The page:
// Main function that sorts arr[l..r] using 
    // merge() 
    public static void sort(int arr[], int l, int r) { 
        if (l < r) { 
            // Find the middle point
            int m = (l+r)/2; 

            // Sort the first and the second half
            sort(arr, l, m); 
            sort(arr , m+1, r); 

            // Merge the two halves
            merge(arr, l, m, r); 
        } 
    } 

    public static void main(String args[]) { 
        int arr[] = {12, 11, 13, 5, 6, 7}; 

        System.out.println("Unsorted array");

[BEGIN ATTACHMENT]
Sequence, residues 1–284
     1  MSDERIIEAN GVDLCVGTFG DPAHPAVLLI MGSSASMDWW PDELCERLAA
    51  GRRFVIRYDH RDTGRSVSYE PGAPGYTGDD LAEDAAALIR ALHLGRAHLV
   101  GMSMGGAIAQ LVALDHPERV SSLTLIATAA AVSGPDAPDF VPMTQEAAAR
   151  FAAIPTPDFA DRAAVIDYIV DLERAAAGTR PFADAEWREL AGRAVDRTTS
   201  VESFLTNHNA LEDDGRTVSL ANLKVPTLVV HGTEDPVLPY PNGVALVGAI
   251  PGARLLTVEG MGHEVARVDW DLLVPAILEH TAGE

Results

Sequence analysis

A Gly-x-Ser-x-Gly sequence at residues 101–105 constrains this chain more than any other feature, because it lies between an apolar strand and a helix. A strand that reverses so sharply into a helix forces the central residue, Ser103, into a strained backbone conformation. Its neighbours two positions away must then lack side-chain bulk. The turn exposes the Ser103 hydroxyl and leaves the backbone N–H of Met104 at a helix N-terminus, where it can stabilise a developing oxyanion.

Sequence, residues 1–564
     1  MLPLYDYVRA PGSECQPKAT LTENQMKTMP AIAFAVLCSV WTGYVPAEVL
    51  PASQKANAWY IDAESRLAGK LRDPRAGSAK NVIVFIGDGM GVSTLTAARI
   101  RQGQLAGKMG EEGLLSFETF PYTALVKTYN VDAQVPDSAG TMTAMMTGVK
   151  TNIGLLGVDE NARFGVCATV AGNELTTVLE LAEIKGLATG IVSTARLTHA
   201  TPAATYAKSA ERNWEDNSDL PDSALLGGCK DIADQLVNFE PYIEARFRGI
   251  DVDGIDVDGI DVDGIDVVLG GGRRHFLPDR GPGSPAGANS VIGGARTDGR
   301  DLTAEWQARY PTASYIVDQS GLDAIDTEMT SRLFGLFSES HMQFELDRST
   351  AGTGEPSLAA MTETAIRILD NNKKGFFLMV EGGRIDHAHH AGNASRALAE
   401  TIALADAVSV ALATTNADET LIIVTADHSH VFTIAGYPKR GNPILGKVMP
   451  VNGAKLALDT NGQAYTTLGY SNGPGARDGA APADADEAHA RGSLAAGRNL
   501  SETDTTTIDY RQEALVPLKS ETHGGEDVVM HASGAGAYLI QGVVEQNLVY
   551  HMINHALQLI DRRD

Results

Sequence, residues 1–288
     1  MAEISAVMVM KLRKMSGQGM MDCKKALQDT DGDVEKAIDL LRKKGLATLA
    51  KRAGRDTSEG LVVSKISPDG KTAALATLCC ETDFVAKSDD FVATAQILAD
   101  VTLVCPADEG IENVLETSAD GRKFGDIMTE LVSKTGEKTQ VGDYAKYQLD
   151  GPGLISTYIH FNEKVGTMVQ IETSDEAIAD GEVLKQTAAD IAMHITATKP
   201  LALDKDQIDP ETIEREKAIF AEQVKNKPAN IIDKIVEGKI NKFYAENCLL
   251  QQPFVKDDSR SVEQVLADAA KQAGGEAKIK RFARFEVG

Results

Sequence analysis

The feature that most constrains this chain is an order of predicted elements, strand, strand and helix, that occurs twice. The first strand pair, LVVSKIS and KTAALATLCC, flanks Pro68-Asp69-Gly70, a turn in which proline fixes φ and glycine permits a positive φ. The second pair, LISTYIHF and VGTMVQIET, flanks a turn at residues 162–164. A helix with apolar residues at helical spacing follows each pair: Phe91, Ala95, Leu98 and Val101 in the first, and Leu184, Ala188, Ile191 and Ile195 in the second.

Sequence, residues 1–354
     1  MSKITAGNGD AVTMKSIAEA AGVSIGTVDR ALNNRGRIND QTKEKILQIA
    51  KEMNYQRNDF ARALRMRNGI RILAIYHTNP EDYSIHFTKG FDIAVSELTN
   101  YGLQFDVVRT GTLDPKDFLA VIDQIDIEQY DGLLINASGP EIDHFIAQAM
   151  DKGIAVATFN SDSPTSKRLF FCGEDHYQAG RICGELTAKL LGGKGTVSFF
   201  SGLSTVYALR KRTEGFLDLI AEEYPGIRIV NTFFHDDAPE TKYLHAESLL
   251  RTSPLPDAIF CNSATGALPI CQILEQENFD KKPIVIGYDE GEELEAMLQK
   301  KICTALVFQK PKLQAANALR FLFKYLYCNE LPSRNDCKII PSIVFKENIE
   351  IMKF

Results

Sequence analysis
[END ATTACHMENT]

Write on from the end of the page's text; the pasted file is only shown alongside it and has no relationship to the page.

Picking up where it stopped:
System.out.println(Arrays.toString(arr));

        MergeSort.sort(arr, 0, arr.length-1); 

        System.out.println("Sorted array"); 
        System.out.println(Arrays.toString(arr));
    } 
} 

Let's understand the code

First of all, some precisation. When we write a for cicle we can omit the curly brackets if the body of the cicle contains only one instruction. In this case, in the two for cicles written above the curly brackets can be omitted since there is a single instruction and there will not be any problem about the extension of the code.

Like in the example about Quick Sort I made static methods since I think that it is useless using non-static methods. Non-static methods would need an object that would call them and this object would have to be created and managed.

  • Merge method: